Braves fall to Phils, drop to third place
Not turning double play in fifth proves costly for Atlanta
PHILADELPHIA -- With the most important road trip to date being filled with oddities, it was only fitting that it would be one that would see the Braves to move both one step closer to first place and one step back in the National East race.
When the Braves get back to Atlanta in the wee hours of Monday morning, they'll still be thinking about how close they were to completing a perfect road trip and how much better they'd be feeling if they'd have converted the potential fifth-inning double-play grounder that doomed them in Sunday night's 5-3 loss to the Phillies at Citizens Bank Park.
"Actually when the play happened, I was kind of excited because I thought we had a double play and then find out nobody was out," said Braves starter Buddy Carlyle of the unsuccessful double-play attempt that set the stage for Ryan Howard to deliver his decisive three-run homer -- one that was considered a "joke" by more than one frustrated Atlanta player.
"It was a little fly ball," Braves manager Bobby Cox said of Howard's opposite-field homer. "It goes out here and Cincinnati. Maybe Houston [with] the short porch. But if we get the call ... "
Actually the Braves could have benefited from two calls that went against them on the Tadahito Iguchi grounder that had twin-killing written all over it before second baseman Martin Prado made a flip to Yunel Escobar, who was late getting to the bag and consequently missed while making his throw to first base.
Second-base umpire Brian Runge chose not to give Escobar the usual "in the neighborhood" luxury when he missed the second base bag while making his throw toward first base. Then first-base umpire Bruce Froeming ruled Iguchi beat the throw to first base.
"I was surprised [Runge] called him safe," Phillies manager Charlie Manuel said. "But I was happy about it."
Although he argued with Runge when the calls were made, Cox said Escobar definitely missed the bag and that the throw to first resulted in a tie. His short controlled argument with Runge didn't result in him passing John McGraw to gain sole possession of first place on Major League Baseball's all-time ejections list.
"You don't see it called," Cox said of Runge's ruling. "But it wasn't one of those routine balls. [Escobar] thought Prado was going to take it. But the ball came up on [Prado] then he recovered. [Escobar] missed the bag, but [Phillies shortstop Jimmy] Rollins missed the bag, too, on his double play."
The fact that Rollins might have missed the bag on a fourth-inning double play had little bearing on why the Braves split this six-game road trip against the Mets and Phillies. During Wednesday's loss in New York, they were unable to at least tie the game after loading the bases with nobody out in the ninth against Mets closer Billy Wagner.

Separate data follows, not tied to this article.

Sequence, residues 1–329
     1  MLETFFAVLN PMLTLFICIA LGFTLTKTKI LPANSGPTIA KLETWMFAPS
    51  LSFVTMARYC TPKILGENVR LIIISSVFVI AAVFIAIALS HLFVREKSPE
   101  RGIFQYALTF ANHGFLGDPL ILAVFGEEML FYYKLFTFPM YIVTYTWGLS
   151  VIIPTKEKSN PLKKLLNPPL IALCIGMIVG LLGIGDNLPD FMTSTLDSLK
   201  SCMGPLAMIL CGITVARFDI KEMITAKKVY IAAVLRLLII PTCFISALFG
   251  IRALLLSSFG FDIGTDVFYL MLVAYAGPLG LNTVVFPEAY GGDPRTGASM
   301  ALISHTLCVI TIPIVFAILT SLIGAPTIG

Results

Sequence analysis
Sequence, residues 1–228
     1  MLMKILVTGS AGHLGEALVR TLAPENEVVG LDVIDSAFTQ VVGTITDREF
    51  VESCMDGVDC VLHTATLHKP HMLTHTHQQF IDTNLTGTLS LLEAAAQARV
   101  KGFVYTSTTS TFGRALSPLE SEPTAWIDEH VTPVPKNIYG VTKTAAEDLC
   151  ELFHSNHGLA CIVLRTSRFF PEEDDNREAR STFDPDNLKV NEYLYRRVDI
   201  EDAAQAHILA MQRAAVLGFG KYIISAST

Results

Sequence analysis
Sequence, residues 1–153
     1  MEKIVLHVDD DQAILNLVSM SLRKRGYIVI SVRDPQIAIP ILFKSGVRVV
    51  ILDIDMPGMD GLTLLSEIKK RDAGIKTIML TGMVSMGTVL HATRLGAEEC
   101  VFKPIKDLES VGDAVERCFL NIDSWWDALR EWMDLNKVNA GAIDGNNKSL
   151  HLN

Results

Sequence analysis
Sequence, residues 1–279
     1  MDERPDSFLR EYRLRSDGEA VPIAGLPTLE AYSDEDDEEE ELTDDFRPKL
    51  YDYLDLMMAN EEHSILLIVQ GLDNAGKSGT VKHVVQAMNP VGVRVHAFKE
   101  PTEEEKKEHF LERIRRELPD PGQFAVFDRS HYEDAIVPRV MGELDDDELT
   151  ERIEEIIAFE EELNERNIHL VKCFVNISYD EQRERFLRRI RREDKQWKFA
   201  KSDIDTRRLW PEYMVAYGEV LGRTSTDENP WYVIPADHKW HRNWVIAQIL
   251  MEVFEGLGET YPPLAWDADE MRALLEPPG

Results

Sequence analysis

Then, during Friday night's loss to Philadelphia, Atlanta blew a four-run, first-inning lead and saw the game decided on Escobar's throwing error. Consequently, they now find themselves in third place, a half-game behind the Phillies and trailing the front-running Mets by 3 1/2 games -- one game closer than they were when the trip began.
"It would have been nice to go 4-2," said Jeff Francoeur, who increased his NL-best outfield assist total with two strong throws to the plate that retired runners attempting to score against Carlyle, who lost for just the second time in nine starts.
After issuing a pair of walks that helped the Phillies score a run in the first inning, Carlyle gained better control and didn't issue another free pass until issuing a four-pitch one against Jimmy Rollins to begin the fateful fifth. Iguchi followed with the grounder that the inexperienced Prado decided to flip to his unsuspecting rookie shortstop. One batter later, Howard used the friendly home confines to collect his 33rd homer of the season.
"When he hit it, I honestly thought it was going to be an out, but it still went 15 rows deep," said Carlyle, who was charged with four runs -- three earned -- and six hits in 4 1/3 innings.
Howard's homer made a winner out of Jamie Moyer, who encountered a two-run deficit before recording his first out. But after surrendering Chipper Jones' first-inning two-run single, the 44-year-old southpaw didn't allow another hit until Francoeur singled with two outs in the sixth.
Francoeur's single gave the Braves runners at first and second and also set the stage for Moyer to escape the jam with one of the three strikeouts he recorded on the evening against Andruw Jones, who finished with four hits in 28 at-bats on this road trip.
Prado, who has six hits in 12 career at-bats against Moyer, tripled home a run in the seventh to cut the Braves' deficit to one. But the Phillies tallied another run in the bottom half of the inning off Peter Moylan and saw their bullpen register four strikeouts in 2 2/3 perfect innings.
"Their bullpen did a great job and Moyer kept us off balance," Francoeur said. "But it comes back to we've got to get key hits and I think I've reiterated that at this ballpark, any ball can go out of the ballpark. That's just what kind of happened to us tonight and it took the steam out of us."
Mark Bowman is a reporter for MLB.com. This story was not subject to the approval of Major League Baseball or its clubs.